Lee Eugene Michaels was born on November 24, 1945, in Los Angeles, California. By the mid-'60s, Michaels was already a fixture on the California music scene; he was playing keyboards with the Sentinels, a surf rock band with an R&B influence that also featured John Barbata (who later played with the Turtles), and he wrote a tune that appeared on the debut album of the sunshine pop band the Holy Mackerel (featuring songwriter and media personality Paul Williams). Michaels later moved on to play in the band the Strangers, led by future Canned Heat guitarist Joel Scott Hill. Michaels soon bowed out of the Strangers, and his tenure in the Family Tree, a San Francisco band featuring future power pop icon Bob Segarini, was also short-lived, though Michaels opted to stay in the Bay Area. In time, Michaels struck out as a solo artist, and he landed a record deal with A&M Records, which released his debut album, Carnival of Life, in 1968. The psychedelic-influenced effort produced only marginal sales, and Michaels returned with the tougher-sounding Recital before the year was out.
Musically, Michaels hit his stride with his self-titled third album, released in 1969, which paired him with drummer Barry "Frosty" Smith and featured "Heighty Hi," which became an FM radio staple, and Michaels' signature cover of "Stormy Monday." Frosty became Michaels' on-stage foil, and his super-amped organ setup and Frosty's drumming made for a power duo with enough muscle to share stages with the leading hard rock acts of the day. Michaels built his own studio in his home, and used the space to record 1970's Barrel, which featured him, Frosty, and guitarist Drake Levin in a set of funky and topical hard rock. For 1971's Fifth, Michaels recruited Joel Larson to play drums in Frosty's absence, and while the album wasn't one of his most ambitious, a white soul number with a solid groove, "Do You Know What I Mean," connected with radio programmers and gave Michaels the biggest hit of his career, rising to number six on the singles chart.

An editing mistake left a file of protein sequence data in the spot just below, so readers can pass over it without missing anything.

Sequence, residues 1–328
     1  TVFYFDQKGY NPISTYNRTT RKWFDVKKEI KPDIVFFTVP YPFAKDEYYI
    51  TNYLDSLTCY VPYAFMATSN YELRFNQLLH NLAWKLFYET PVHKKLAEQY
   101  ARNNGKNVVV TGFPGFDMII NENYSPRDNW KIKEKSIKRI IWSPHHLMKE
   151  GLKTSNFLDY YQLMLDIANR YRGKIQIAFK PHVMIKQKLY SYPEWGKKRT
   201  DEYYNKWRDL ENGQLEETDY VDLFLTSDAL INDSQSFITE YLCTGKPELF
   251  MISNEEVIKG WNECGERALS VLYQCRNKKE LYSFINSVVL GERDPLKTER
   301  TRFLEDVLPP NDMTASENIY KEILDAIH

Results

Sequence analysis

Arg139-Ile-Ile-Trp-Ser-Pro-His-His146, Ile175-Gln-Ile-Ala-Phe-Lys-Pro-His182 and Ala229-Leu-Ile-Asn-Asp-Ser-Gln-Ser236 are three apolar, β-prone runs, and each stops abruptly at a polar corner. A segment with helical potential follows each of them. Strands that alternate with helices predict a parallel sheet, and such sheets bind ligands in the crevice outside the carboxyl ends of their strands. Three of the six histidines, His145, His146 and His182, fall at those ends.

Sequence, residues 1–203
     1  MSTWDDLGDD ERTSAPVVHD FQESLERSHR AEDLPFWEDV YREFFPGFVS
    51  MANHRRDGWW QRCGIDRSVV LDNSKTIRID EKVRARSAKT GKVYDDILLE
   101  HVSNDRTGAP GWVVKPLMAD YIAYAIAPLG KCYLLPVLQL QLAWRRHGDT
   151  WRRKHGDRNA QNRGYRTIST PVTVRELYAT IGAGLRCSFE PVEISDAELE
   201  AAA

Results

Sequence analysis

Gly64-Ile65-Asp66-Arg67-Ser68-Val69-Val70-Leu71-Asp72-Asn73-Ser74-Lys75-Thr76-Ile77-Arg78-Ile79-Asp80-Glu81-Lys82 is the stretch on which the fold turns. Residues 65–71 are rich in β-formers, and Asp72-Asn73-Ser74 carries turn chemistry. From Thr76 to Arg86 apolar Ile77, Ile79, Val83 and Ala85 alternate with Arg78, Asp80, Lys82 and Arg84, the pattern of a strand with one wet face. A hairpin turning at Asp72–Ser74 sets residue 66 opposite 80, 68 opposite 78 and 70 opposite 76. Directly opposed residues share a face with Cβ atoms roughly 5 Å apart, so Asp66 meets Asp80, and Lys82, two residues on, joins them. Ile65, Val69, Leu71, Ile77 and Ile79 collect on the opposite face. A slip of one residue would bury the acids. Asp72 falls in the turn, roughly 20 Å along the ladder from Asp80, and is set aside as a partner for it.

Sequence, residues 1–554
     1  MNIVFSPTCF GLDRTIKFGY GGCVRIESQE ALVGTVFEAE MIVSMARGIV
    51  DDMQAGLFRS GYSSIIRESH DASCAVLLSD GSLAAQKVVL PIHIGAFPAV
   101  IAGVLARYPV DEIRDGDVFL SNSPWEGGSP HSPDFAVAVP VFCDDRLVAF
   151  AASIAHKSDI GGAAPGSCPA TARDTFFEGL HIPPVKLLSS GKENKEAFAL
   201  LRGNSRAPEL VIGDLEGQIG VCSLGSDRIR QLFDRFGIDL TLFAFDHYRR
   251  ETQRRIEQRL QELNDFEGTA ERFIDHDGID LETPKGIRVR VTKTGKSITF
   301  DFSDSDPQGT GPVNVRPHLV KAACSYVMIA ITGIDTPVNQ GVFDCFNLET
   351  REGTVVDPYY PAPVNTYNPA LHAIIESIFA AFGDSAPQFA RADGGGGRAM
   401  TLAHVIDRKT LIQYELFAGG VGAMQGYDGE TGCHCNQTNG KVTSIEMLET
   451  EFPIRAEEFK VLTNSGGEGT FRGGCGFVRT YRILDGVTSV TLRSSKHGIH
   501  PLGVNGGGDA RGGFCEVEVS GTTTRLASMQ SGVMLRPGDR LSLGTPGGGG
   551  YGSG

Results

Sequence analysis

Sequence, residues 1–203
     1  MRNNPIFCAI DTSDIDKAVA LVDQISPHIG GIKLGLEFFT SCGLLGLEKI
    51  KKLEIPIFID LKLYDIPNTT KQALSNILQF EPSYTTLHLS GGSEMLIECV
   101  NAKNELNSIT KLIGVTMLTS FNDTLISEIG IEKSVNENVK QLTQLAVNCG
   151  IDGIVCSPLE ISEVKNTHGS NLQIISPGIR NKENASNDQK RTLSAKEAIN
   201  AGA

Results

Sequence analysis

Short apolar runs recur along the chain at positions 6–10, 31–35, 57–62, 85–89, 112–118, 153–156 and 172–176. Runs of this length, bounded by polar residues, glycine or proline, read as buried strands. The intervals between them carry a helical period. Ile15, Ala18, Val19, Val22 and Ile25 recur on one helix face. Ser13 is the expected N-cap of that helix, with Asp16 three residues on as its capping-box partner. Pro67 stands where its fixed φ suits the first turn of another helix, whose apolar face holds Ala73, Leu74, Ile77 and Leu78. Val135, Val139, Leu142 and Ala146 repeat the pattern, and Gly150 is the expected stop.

The success of Fifth and "Do You Know What I Mean" made Lee Michaels a genuine rock star, but his next album didn't connect with his new fans; 1972's Space & First Takes was dominated by a pair of semi-improvised extended jams (each in the neighborhood of 15 minutes) that found Michaels swapping his keyboards for a guitar. The album brought tensions between Michaels and A&M to a head, and by the end of 1972 Michaels gave the label Lee Michaels Live, a concert set recorded in New York that fulfilled his commitments to the label. Michaels promptly signed a new deal with Columbia Records, but neither 1973's Nice Day for Something or 1974's Tailface made much of an impression with fans or record buyers, and Michaels and Columbia soon parted ways. Within a few years Michaels went into semi-retirement, and while he released Absolute Lee in 1996 and My Life in 2008, for the most part Michaels stayed out of the public eye. After his music career faded out, Michaels opened a restaurant in Marina del Rey, California centered around a spicy shrimp dish he'd created; Killer Shrimp became a success, and the family-run business now boasts six locations in California and Nevada. In 2015, Manifesto Records released a box set, The Complete A&M Albums Collection, that brought together Michaels' first seven albums in one package; Manifesto also issued a single-disc sampler, Heighty Hi: The Best of Lee Michaels. ~ Mark Deming, Rovi